Key Facts about The Dumb Waiter
  • Full Title: The Dumb Waiter 
  • When Written: 1957
  • Where Written: London
  • When Published: 1960 (first performance)
  • Literary Period: Post-War
  • Genre: Absurdist Theater, Comedic Drama
  • Setting: A basement room in Birmingham
  • Climax: Gus enters the room through the right door, revealing himself to be the target, and Ben pulls his revolver on Gus.
  • Antagonist: Wilson; authority in general 

Extra Credit for The Dumb Waiter

Absurd is the Word. The adjective “Pinteresque” has been coined to describe elements characteristic of Pinter’s plays, such as a threatening atmosphere, minimalist plot, colloquial and repetitive language, and long pauses. Still, when asked in an interview to define what it means to be Pinteresque, Pinter claimed not to know what the term meant.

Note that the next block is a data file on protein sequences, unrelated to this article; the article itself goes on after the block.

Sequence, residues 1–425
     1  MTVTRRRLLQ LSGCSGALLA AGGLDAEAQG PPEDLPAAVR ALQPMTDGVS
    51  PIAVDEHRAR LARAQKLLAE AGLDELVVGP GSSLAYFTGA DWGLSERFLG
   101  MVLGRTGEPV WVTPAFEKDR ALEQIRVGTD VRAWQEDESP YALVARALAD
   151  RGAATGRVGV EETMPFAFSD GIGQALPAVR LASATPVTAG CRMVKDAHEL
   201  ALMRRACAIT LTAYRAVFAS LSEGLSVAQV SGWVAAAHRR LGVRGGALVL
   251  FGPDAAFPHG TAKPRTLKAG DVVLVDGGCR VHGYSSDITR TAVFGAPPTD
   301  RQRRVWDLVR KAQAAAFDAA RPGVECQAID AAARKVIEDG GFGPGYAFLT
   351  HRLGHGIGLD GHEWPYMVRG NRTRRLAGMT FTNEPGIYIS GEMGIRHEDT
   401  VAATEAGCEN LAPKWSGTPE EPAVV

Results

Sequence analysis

Passé Pauses. Pinter’s works are known for their use of silence and long pauses, yet in the 2007 documentary Working With Pinter, Pinter suggests that people read too far into his play’s silences and pauses—that he intended them to be simple stage directions, not the deeply symbolic gestures people have made them out to be. He even admits to cutting half the pauses when he acts in his own plays—and he encourages actors and directors to do the same, if they see it fit to do so.